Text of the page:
Pesto Chicken Breasts Wrapped in Bacon
For When There’s No Time to Cook on Account of The Zombies™
You know the drill by now; we’ve all made it this far since the virus started to spread. If I have to explain it to you at this point, you’re dead already.
It’s sundown, and they’re coming. You race to board up that one window the kids insist on looking out during the day, and just as the last nail goes in, you realize you haven’t even thought about dinner. You’ve been so busy burying the dead that you just haven’t had time.
Luckily, you remember that you have
- 6 chicken breast halves
- 6-12 Tablespoons basil pesto (you can use a prepared jar, or make your own)
- 1/4 to 1/2 cup vegetable oil
- 1 cup shredded Parmesan cheese
- salt and pepper
- 6-12 slices of bacon
You preheat the oven to 400 degrees (200 Celsius, or 477.594 Kelvin). Your heart pounds hard as you race to work:
- You rinse the chicken breasts and lay them flat on a cutting board. Maybe you put some wax paper over the top, maybe you don’t. It’s up to you, and you’re a badass zombie killer, so I won’t tell you what to do.
- Then, you grab a rolling pin or baseball bat and pound the breasts nice and flat, maybe to 1/2” thickness.
- You spread the pesto sauce over each chicken breast, and add salt and pepper to taste. Then, you sprinkle the shredded cheese on top.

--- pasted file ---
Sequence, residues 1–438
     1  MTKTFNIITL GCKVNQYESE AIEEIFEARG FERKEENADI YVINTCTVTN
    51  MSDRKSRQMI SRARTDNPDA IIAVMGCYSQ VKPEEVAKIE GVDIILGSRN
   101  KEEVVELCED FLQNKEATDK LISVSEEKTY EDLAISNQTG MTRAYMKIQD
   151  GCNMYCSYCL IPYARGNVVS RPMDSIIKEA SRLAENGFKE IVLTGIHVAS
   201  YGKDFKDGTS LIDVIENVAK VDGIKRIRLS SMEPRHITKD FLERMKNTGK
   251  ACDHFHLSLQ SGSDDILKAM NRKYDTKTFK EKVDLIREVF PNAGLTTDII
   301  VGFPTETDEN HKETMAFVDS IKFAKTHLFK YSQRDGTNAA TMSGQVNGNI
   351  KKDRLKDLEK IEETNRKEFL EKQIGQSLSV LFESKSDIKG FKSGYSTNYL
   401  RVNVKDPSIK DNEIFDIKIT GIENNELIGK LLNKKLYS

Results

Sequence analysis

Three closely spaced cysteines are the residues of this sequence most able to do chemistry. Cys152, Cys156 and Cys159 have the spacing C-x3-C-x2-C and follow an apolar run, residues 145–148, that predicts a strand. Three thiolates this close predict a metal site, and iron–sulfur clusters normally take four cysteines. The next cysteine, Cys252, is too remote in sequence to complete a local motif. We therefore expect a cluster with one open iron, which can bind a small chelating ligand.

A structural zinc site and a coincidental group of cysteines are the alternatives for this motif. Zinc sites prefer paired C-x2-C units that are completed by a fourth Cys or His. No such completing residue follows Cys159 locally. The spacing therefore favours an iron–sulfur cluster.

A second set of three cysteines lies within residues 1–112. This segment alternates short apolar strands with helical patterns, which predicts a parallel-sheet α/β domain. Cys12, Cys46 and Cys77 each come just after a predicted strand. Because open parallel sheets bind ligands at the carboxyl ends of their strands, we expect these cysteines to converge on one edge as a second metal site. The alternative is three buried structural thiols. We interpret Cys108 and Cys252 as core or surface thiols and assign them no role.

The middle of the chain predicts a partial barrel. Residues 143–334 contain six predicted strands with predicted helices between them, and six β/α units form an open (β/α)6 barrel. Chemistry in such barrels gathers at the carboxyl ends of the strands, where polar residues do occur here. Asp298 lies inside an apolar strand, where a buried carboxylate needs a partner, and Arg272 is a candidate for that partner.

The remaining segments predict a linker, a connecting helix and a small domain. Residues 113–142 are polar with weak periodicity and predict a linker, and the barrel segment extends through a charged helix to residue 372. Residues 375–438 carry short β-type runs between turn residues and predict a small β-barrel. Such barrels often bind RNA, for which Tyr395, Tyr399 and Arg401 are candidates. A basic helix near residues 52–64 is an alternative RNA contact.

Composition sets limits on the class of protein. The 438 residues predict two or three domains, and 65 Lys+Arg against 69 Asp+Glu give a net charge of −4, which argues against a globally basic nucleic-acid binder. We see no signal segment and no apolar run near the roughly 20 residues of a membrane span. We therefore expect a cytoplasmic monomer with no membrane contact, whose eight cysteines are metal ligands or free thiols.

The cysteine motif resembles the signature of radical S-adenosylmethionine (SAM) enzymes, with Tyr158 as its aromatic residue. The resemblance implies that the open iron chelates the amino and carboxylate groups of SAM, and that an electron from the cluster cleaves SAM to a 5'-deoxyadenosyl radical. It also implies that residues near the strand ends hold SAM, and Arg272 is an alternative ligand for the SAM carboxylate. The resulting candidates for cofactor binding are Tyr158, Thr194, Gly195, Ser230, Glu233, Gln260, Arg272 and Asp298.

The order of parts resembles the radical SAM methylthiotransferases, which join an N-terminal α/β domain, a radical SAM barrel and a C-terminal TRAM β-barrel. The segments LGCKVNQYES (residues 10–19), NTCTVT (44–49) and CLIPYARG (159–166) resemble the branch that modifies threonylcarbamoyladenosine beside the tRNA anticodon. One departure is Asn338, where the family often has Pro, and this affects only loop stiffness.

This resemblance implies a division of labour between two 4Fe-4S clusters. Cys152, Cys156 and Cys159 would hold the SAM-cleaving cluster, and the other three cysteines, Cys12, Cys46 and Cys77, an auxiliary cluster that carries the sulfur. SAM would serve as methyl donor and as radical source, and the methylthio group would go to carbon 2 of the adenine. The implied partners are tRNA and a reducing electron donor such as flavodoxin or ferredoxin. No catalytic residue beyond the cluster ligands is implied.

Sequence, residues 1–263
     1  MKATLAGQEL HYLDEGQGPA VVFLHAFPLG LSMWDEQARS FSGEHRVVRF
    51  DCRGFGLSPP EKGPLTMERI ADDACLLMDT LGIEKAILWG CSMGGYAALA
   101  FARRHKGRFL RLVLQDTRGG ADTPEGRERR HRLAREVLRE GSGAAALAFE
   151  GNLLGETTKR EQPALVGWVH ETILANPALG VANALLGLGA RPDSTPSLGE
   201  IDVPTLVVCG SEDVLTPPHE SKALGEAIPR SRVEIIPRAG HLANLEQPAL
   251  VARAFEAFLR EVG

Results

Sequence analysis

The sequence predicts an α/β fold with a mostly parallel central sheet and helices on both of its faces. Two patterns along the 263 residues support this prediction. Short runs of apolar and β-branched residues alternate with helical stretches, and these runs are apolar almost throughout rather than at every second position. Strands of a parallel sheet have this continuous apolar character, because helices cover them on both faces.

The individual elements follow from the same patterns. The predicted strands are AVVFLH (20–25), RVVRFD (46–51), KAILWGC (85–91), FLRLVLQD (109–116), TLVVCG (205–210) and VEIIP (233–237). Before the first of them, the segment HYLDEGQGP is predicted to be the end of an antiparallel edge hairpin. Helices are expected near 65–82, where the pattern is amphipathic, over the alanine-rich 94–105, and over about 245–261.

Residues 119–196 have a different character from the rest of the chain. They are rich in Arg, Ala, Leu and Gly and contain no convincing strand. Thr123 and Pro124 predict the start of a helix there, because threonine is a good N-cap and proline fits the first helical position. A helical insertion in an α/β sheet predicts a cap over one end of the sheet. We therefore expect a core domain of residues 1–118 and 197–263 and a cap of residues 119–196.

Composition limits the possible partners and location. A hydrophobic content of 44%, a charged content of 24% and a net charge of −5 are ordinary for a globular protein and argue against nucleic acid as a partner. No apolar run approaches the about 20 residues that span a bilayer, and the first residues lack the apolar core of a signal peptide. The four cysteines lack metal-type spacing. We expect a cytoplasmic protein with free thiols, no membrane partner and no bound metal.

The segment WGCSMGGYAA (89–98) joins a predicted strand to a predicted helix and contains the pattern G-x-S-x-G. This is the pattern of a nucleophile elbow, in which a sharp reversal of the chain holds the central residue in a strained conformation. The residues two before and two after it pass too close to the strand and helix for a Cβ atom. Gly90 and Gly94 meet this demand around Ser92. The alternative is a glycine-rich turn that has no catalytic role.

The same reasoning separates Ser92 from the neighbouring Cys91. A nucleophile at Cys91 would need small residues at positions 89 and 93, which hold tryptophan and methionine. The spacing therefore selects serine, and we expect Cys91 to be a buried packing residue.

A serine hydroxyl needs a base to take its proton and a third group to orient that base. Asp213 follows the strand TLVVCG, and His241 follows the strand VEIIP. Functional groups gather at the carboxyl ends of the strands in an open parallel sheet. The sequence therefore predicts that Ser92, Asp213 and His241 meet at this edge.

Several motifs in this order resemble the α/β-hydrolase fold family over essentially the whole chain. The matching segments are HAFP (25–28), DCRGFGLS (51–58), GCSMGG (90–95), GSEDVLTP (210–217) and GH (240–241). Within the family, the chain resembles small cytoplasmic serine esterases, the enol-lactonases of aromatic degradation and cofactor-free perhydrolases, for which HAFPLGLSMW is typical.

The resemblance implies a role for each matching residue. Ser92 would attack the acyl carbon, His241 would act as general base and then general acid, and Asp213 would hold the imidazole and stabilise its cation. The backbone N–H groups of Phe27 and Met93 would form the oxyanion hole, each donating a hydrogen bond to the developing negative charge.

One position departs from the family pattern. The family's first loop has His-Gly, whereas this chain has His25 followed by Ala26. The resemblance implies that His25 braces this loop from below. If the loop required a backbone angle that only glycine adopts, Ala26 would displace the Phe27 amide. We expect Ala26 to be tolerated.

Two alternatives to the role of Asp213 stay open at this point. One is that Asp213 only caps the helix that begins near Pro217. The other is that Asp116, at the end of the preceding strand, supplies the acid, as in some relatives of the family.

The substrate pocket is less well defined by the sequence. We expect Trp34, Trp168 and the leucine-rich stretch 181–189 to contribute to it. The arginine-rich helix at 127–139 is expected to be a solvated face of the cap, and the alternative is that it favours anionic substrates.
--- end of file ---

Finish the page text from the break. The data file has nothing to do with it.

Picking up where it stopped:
- Working quickly now - you can hear them shuffling up your driveway - you roll the chicken breasts and wrap a slice of bacon (or two) around each. You use toothpicks to secure the packages, making sure you don’t shove them accidentally into your eyes.
- You put the chicken into a baking dish, and then drizzle the vegetable oil over the breasts - not your breasts, there’s no time for that.
- Quickly, now! Bake the chicken for about 30 minutes; the chicken should read 160 degrees F (the body temperature of the walking dead outside your door now) when finished.
While the chicken is baking, you use the autoloading Remington Model 1100 Competition Synthetic to take off some zombie heads, watching as the blood and brains erupt and rain onto your front porch.
You enjoy the meal, savoring each bite as if it were your last.
Which it may be.